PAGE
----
Oppenheimer, Dudley Corporation, Not Squares
Several years ago two respected men of the local scene met and joined together by love of loud noise to form an immensely popular little combo. These men promptly escaped from the locality and escaped to stardom and US tours. Today they are still wanted for flagrant abuse of air-horns in an urban environment and survive as great entertainment. If you have a party needing going, if you fancy something a little bit bonkers, and if you can't find the Flaming Lips phone number, maybe you can see... Oppenheimer.
However, before they start pitying us fools, we've got two other bands to entertain us on a Friday night. Not Squares are very quickly carving a name for themselves locally, and start off with a more adventurous take on the popular contemporary art-math-rock thing, kinda like Foals stumbling out of the Washington State forests after three days without sleep. 'One Of Us (One Time)' marries the frantic paranoid edge of this, with the beats and yelps, with the slightly twee keyboard stylings of CSS bringing a dance hint to it, conjuring up the idea of the current live Go! Team's experiments into Sonic Youth-esque indie-rock or even early Rapture. Following a slight clothing malfunction, the 'Yeah Song' gives license for some crowd interaction as one of the band decides to get up close and personal with the "retreating-for-their-own-safety" audience. They may not be squares, but their edges are sharp enough to cut us.
Dudley Corporation are an interesting one. They take their influences from both sides of the Atlantic, mixing the 1980s American alternative scene (such as Husker Du and Sonic Youth) with 1990s onwards UK (recalling Radiohead and contemporary staccato rhythmed punk-funk math-rock) in their intelligent combination of melody and art. Yet, there's something not quite there, for all the promise being shown by this tight three piece, their flitting about hasn't quite resulted in an amalgamation of their interesting influences, leaving them as a little too art for the rockers, a little too late for the grunge scene, and a little too heavy for the indie-art kids. Their potentially heady brew isn't quite simmering yet, but it's getting there.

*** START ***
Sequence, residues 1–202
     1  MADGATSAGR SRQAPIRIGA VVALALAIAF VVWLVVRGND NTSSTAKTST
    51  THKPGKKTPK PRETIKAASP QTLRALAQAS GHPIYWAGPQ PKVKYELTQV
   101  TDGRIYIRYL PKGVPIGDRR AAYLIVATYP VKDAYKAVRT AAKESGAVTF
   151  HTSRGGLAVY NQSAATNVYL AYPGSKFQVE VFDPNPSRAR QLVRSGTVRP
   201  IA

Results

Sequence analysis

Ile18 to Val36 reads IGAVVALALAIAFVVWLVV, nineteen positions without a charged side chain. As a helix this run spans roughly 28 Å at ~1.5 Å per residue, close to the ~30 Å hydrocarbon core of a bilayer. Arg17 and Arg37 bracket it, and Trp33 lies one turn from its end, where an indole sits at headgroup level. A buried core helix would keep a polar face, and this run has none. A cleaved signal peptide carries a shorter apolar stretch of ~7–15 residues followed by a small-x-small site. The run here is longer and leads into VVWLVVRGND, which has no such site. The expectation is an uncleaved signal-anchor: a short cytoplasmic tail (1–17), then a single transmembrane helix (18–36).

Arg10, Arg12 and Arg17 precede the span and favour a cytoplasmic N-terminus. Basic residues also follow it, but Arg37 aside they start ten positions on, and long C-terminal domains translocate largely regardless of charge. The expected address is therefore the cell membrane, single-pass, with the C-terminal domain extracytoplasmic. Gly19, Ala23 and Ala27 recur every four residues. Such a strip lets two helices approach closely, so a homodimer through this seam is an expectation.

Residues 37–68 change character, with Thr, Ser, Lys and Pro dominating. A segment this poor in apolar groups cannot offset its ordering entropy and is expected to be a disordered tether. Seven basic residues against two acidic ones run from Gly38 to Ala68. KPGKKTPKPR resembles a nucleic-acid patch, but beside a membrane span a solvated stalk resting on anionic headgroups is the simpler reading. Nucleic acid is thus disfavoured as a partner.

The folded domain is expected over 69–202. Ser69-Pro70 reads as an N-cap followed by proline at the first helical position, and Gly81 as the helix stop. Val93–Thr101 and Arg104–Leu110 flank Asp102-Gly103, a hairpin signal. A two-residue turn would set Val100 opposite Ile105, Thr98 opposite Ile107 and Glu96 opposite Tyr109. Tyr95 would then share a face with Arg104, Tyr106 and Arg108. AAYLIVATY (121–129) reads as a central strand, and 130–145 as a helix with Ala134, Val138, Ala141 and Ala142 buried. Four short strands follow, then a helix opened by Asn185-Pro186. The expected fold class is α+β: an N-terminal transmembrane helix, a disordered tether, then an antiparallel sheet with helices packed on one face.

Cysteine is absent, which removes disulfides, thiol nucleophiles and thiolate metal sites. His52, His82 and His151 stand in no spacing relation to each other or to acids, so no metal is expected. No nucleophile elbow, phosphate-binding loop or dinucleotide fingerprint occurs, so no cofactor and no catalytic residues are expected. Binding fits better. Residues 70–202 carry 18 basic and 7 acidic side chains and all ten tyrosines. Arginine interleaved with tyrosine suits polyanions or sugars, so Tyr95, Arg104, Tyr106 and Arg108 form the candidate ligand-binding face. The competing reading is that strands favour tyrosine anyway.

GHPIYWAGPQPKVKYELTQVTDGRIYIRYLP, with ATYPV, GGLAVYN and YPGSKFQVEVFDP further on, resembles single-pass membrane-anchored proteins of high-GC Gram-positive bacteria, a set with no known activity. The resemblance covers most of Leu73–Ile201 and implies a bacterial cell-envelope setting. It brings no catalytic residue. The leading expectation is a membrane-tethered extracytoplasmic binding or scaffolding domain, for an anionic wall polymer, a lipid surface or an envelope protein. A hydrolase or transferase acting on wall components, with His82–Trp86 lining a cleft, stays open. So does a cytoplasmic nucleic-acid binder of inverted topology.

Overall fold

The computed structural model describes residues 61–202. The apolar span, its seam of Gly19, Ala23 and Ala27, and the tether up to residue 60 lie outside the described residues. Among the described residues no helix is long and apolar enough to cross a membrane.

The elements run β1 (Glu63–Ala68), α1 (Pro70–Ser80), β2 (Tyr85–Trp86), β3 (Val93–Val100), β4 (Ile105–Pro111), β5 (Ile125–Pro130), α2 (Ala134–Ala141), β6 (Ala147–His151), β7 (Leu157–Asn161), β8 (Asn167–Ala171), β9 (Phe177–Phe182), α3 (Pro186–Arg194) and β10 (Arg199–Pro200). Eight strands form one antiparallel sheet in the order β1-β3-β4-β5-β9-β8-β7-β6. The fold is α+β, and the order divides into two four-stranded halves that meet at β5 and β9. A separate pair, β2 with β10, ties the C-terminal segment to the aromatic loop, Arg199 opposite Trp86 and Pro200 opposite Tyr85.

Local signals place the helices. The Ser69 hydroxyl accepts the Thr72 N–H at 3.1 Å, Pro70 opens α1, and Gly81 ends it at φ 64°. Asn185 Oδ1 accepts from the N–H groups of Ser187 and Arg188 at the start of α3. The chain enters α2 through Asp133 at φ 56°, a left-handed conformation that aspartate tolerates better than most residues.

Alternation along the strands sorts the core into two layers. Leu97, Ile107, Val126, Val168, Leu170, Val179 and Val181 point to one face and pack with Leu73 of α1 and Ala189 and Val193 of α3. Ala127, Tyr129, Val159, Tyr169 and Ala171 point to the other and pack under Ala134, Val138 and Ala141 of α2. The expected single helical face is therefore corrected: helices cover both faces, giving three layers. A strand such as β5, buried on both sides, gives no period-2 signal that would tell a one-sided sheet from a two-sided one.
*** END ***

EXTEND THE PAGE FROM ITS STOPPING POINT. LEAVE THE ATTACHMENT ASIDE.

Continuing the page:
Go Team Oppenheimer. Seriously, it rolls off the tongue doesn't it? Possibly somewhere there is a range of combining children's toys and TV series waiting to be made. Anyway, this follows their initial technical difficulties, leading to the two man core of the band having to restart the gig. 'Stephen McAuley For President' is beefier than in their recent festival appearances (due to being indoors probably), with the big drums doing the business before they show off their intriguing lit-up guitar (probably last seen in some 1980s hair-metal video) and ask for admiration for their funky backdrop - allegedly hand-crafted over two weeks with a bottle of Tippex. 'Ok Let's Take This Outside' features their trademark air-horn, much to the delight of the crowd, who are more delighted when they decide to buck the system and hand out free copies of their new 7-inch. Joined by their extra members to form Team Oppenheimer, 'Take The Whole Midrange and Boost It' is great generation X slacker Beck, while 'I Don't Care...' is dedicated to their support acts and includes the surreal sight of giant foam footballs bouncing around the place (and accompanying rude story). 'The Never-Never' features Matt from The Bronx looking mysteriously like a megaphone with his name on, but they assure that it's him - perhaps he's been unwell or something. Branching into politics they inform us that the Assembly has required us to clap along to their songs, while they threaten us with confetti cannons. Still, it's hard not to love it when a band comes together.